Project Title: Regional Climate Change and Carbon Cycling on the Colorado Plateaus
Mendenhall Fellow: Tamara Jane Zelikova, (435) 719-2335, firstname.lastname@example.org
Duty Station: Moab, UT
Start Date: October 1, 2010
Education: Ph.D. (Ecology and Evolutionary Biology), University of Colorado, 2008
Research Advisors: Sasha Reed, (435) 719-2334, email@example.com; Jayne Belnap, (435) 719-2333, firstname.lastname@example.org; Nichole Barger (University of Colorado), (303) 492-8239; Rich Reynolds, (303) 236-1303, email@example.com; Michael Dettinger, (858) 822-1507, firstname.lastname@example.org; Carol Kendall, (650) 329-4576, email@example.com; Jennifer Harden, (650) 329-4949, jharden@usgs,gov
Soils store more carbon than plants, animals, and the atmosphere combined; thus, subtle changes to soil carbon cycling, such as those associated with land use and climate change, could have dramatic effects on atmospheric CO2 concentrations. Historically, soils in arid ecosystems were considered to store and cycle relatively little carbon. However, recent work suggests that C uptake rates in desert ecosystems are substantially larger than previously thought and may be comparable to rates observed in temperate forests and grassland ecosystems. These data, in conjunction with the fact that dryland ecosystems comprise 40 percent of terrestrial land mass and 35 percent of the United States suggest that changes to dryland C cycling will have large ecological and political implications. Because CO2 efflux from soil can be highly sensitive to changes in temperature and soil moisture, changes in climate may strongly affect C loss to the atmosphere from these extensive dryland soils.
Coupled with the effects of a changing climate are the concurrent and rapid changes in land use across dryland ecosystems. Arid lands in the western United States are identified as the fastest growing and fastest warming in the nation. The Colorado Plateau in particular is changing at an especially rapid rate and holds vast expanses of public lands, yet we know remarkably little about how these ecosystems will respond to predicted changes in climate.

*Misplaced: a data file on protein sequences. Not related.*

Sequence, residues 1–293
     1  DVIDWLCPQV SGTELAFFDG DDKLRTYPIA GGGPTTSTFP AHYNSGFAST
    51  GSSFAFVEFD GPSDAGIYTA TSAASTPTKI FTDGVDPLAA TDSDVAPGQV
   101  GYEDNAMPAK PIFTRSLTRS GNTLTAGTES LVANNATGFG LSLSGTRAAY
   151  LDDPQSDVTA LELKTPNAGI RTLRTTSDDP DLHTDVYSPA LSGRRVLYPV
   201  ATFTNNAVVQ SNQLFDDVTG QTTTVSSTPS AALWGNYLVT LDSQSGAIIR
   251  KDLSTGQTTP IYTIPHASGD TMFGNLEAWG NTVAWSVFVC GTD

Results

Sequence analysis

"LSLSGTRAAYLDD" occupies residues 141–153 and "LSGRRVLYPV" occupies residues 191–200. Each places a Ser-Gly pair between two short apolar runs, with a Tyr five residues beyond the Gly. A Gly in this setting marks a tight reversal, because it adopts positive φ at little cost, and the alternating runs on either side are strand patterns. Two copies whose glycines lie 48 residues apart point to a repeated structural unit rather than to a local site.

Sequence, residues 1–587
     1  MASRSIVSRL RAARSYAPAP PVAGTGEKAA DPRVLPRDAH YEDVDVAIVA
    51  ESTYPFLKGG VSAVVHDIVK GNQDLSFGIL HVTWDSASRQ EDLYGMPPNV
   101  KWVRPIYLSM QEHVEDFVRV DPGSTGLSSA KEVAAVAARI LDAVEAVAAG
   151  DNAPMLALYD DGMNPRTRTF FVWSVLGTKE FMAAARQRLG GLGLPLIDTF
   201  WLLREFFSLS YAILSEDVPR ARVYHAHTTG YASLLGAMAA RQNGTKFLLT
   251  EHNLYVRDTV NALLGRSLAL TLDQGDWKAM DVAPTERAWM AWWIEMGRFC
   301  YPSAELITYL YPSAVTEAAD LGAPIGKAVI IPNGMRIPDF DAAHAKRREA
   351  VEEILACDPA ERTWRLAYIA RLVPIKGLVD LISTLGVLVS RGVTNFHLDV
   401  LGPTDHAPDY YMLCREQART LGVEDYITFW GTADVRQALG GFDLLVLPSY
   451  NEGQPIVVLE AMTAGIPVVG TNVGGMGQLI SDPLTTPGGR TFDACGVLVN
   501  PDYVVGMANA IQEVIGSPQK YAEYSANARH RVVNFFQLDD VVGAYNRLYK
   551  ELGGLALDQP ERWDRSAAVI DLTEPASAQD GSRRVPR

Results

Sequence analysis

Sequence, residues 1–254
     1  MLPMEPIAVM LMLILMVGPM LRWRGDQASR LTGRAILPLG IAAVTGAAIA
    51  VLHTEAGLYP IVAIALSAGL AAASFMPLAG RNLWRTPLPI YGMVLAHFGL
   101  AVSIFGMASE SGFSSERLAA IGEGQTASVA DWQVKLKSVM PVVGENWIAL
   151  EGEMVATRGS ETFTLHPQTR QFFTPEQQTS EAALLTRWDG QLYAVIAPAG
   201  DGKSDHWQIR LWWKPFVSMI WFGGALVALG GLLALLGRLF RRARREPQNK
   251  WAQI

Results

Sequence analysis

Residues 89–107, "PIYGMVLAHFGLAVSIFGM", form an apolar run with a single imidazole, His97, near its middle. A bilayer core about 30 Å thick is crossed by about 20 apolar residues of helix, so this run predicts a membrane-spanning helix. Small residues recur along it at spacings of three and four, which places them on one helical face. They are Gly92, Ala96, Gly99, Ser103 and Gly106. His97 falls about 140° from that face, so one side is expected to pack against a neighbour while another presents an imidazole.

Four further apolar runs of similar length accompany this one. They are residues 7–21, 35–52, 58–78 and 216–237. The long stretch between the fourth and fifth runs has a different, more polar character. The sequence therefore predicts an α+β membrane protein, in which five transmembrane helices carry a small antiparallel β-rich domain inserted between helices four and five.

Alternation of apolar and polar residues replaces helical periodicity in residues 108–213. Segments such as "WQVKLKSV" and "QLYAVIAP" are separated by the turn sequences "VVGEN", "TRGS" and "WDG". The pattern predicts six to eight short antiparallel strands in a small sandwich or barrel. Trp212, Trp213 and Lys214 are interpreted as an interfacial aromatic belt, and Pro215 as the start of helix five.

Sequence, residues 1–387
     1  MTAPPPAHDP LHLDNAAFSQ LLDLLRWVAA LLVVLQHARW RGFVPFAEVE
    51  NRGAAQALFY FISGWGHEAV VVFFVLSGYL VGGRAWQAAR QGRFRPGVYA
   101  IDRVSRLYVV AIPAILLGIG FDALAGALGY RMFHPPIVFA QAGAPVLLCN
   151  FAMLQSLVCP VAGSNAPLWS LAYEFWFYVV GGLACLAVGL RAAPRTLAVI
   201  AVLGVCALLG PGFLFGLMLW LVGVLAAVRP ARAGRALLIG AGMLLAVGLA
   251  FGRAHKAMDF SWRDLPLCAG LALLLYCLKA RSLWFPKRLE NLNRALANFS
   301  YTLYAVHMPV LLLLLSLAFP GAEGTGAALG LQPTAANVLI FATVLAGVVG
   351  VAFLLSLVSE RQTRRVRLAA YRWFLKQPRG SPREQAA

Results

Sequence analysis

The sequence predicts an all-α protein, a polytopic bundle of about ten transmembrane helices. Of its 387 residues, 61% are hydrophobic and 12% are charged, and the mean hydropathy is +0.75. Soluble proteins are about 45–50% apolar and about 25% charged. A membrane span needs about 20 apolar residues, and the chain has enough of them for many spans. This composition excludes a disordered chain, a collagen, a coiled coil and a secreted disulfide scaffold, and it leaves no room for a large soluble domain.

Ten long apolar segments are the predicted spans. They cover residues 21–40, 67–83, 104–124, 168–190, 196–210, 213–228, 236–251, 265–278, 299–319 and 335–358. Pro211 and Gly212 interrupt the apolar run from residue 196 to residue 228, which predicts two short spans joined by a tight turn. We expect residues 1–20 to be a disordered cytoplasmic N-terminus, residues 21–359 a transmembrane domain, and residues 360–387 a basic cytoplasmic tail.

Using a combination of field experiments, laboratory incubations, and existing data, this project will provide model parameters to help predict how regional biogeochemical and ecosystem processes on the Colorado Plateau will respond to a changing climate, to land use, and to the interacting effects of these two factors. A soil core transplant experiment will be used to examine the response of soil respiration to changing temperature and precipitation across a natural climate gradient from Moab to the LaSal Mountains. Moving soils across the full range of climatic conditions will allow us to determine what happens when soils that are adapted to a set of conditions experience conditions outside their range of adaptation, allowing us to simultaneously measure the response of soil respiration to changing temperature and moisture conditions. Making use of grazer exclusion treatments established across the elevational gradient >15 years ago, we will examine how grazing interacts with climate factors to affect soil respiration. The experiments outlined above will also be supported with laboratory incubations to address the mechanisms of soil response. In particular, laboratory incubations provide the platform to directly explore the threshold responses of soil moisture to changes in temperature and soil moisture. Taken together, these data will be instrumental in helping the U.S. Geological Survey, land management agencies, and citizens to prepare for local and regional changes and enhance the efficacy of decisionmaking.
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Last modified: 16:08:34 Thu 13 Dec 2012